Betty Blue is quintessential French cinema material, an uninhibited and tumultuous story of an obsessive relationship that descends into madness. When it premiered in 1986, the film gained notoriety for its full-frontal nudity and explicit sex. With audience members questioning if the sex scenes were simulated or not, the word-of-mouth buzz helped drive it to box-office success. Based on a novel by Philippe Djian, it has become a cult classic for its mercurial characters, bohemian sexuality and descent into ‘amour fou. Betty Blue: The Director’s Cut, never screened in US theatres, features an additional hour of footage.
It begins at the seashore, where handyman Zorg (Jean-Hugues Anglade) and the effervescent Betty (Béatrice Dalle) are in the throes of a passionate one-week affair. Betty, a free-spirit whose sense of abandon tips over into the manic, moves into Zorg’s rundown beach shack at a decaying seaside resort and promptly creates a bit of havoc with his employer. Zorg is content to spend his days painting beach shacks, drinking Tequila and fondling Betty’s bottom until she becomes fed up with their inert situation and while throwing a tantrum and tossing Zorg’s possessions, she discovers his manuscript and decides it must be published. Betty then calmly burns down their place, and the two go into Paris to live with her friend Lisa (Consuelo De Haviland) and her lover. While Betty types up Zorg’s writings, the two live passionately in love and share their joie-de-vivre with their friends, but Betty’s ups start to come down with increasing ferocity.
After an altercation, the two lovers decamp from Paris to the South of France and find themselves embroiled in spirited adventures, with Betty’s mental state held in check for a time. Things seem to be heading towards some normalcy when Betty discovers she may be pregnant. When the test results arrive, it sends Betty into a dark, destructive depression and Zorg to desperate measures.
A mesmerizing debut by Dalle, who was discovered on a magazine cover by Beineix, has left a generation of men (and perhaps women) fantasizing over crazy love. Anglade’s performance as a man who will go to the end of the earth for his love is heroic. The lush cinematography by Jean-François Robin is enhanced by a perfectly understated score by Gabriel Yared and a signature haunting piano melody.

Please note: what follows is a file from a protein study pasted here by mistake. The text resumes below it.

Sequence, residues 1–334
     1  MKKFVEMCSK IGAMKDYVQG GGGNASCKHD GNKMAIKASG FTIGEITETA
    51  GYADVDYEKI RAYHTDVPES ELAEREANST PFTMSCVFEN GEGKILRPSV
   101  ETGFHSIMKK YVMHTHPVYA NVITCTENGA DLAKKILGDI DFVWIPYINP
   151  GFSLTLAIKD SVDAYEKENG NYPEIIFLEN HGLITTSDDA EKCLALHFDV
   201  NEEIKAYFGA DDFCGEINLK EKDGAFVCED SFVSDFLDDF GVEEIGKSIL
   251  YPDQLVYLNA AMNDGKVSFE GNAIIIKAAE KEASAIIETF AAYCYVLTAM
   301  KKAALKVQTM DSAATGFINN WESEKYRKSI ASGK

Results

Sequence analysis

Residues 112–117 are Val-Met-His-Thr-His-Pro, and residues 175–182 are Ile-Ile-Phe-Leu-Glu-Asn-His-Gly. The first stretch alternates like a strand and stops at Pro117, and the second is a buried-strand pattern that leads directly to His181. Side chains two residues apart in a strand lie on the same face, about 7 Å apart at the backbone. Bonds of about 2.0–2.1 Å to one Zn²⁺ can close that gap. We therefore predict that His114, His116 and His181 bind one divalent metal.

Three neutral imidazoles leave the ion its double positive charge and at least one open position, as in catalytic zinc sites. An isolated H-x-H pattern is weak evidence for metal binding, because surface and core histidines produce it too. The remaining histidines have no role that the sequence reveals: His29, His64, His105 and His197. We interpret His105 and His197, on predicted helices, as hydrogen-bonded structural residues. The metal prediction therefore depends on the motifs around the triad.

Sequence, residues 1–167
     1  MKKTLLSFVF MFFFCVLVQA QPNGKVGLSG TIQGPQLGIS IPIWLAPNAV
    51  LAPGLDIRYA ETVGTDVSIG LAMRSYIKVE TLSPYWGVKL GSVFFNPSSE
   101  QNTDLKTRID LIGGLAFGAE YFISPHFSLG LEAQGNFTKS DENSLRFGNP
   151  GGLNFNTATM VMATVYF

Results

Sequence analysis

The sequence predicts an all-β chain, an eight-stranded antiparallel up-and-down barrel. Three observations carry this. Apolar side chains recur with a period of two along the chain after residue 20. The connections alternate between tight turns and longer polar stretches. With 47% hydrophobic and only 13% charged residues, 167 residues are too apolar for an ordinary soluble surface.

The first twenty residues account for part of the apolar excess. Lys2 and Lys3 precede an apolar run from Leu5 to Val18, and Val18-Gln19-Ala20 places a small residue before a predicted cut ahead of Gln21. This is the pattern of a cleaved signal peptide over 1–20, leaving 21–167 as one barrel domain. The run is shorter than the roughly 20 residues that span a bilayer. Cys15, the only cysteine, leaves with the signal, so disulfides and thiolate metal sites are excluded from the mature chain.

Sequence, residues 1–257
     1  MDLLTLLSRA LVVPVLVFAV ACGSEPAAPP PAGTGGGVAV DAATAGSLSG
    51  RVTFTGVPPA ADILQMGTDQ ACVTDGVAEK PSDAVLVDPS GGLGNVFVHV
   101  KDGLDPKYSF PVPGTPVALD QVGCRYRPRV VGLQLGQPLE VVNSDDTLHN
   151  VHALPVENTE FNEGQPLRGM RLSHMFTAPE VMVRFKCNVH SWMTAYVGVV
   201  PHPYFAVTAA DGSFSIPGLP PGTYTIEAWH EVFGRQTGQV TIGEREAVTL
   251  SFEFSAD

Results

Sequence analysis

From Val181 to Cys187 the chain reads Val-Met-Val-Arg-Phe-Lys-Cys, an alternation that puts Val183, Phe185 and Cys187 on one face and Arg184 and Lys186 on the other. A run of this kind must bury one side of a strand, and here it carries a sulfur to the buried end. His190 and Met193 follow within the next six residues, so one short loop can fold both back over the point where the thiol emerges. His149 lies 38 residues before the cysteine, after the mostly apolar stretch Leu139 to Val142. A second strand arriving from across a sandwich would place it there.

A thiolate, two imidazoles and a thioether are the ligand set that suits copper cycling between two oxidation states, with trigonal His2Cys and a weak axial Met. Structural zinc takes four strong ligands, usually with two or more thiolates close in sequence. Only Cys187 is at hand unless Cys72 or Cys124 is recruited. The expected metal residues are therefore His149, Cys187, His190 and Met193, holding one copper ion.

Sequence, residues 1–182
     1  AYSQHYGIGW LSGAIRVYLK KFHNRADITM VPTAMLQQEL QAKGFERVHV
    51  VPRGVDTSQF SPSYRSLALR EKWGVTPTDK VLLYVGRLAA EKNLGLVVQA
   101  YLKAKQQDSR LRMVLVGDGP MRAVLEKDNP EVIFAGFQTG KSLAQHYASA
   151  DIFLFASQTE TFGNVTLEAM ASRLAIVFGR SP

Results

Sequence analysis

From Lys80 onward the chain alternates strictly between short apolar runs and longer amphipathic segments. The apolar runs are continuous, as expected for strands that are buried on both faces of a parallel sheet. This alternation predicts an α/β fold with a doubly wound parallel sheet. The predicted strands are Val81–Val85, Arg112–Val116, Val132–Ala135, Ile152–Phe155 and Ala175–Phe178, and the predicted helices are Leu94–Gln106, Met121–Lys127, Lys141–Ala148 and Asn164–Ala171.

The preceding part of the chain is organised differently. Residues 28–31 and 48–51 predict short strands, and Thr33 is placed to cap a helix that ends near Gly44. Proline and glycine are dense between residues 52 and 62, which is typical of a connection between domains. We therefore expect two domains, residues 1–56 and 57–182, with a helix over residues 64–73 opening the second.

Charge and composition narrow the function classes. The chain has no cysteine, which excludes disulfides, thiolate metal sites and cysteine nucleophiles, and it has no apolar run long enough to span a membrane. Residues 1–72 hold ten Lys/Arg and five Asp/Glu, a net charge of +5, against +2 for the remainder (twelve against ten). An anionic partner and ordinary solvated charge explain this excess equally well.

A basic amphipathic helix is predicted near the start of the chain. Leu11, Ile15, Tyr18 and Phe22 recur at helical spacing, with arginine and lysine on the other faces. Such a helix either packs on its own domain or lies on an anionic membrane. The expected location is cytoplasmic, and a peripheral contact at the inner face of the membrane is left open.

Jean-Jacques Beineix (born October 8, 1946) is a French film director.
In 1964, Jean-Jacques Beineix started his career as Jean Becker’s assistant director on the famous French TV series, Les saintes chéries until the end of 1967. Then, in 1970 he worked for Claude Berri and in 1971 for Claude Zidi. In 1977, he directed his first short movie Le chien de M. Michel which won the first prize at the Trouville Festival. In 1980, he directed his first feature film Diva which received four César Award in 1982 followed by Moon in the Gutter. This movie was nominated at Cannes Festival in 1983. In 1986, Jean-Jacques Beineix directed Betty Blue (37°2 le matin) with Béatrice Dalle and Jean-Hugues Anglade. This film was nominated to the best foreign movie Oscar. He directed Roselyne et les lions in 1989, IP5: L’île aux pachydermes in 1992 and Mortel transfert in 2001. In Fall 2006 he published the first volume… read more
Minus the gorgeous scene when the cat enters as Zorg writes I felt this film was lacking something. It's stench of heat, sex and noire at first moved me but over time it began to sour, it became tacky. It is beautifully shot but underneath this stylish veneer is a film with serious pacing problems. Understandably it was butchered in the editing room, but the longer version crawls. 3/5.
This has almost everything I love about movies. Uninhabited, slow decent into madness, a dash of Zulawskian food orgy, beautiful imagery, tasty atmosphere ridden with sex, boundless performance, characters that are built out of ideals than rationality. Can't really say anything about it. One of the better movies I've seen!